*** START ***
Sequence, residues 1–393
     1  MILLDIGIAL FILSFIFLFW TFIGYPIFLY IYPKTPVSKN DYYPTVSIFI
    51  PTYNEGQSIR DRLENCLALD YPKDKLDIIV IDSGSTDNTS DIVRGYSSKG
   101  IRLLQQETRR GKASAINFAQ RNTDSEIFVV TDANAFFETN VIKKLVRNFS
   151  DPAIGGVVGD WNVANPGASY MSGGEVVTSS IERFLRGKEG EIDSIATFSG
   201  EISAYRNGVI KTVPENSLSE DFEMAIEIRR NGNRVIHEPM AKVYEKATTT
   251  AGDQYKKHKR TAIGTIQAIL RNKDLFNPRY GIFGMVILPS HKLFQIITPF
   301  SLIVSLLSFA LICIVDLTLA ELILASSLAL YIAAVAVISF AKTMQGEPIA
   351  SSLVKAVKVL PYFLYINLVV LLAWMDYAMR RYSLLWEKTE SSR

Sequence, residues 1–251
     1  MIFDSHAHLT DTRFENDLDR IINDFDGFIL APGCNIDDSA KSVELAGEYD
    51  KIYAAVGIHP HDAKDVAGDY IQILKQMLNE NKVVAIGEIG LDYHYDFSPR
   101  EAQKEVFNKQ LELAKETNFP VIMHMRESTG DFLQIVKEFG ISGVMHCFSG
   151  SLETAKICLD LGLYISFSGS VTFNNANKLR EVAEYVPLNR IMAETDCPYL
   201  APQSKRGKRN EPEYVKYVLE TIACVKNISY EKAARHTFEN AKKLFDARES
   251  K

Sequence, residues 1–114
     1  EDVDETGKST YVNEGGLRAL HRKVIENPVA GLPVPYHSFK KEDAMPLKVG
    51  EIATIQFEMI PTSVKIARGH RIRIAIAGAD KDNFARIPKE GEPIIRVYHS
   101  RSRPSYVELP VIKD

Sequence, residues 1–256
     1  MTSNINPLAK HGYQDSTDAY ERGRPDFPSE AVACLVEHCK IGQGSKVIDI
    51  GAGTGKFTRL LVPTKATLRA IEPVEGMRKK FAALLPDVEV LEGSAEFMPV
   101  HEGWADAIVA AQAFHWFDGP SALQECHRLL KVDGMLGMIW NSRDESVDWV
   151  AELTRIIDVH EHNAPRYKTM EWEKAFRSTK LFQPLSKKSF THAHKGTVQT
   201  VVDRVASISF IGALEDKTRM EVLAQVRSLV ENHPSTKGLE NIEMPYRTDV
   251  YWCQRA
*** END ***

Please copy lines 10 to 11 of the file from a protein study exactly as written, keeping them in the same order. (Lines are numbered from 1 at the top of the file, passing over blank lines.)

Sequence, residues 1–251
     1  MIFDSHAHLT DTRFENDLDR IINDFDGFIL APGCNIDDSA KSVELAGEYD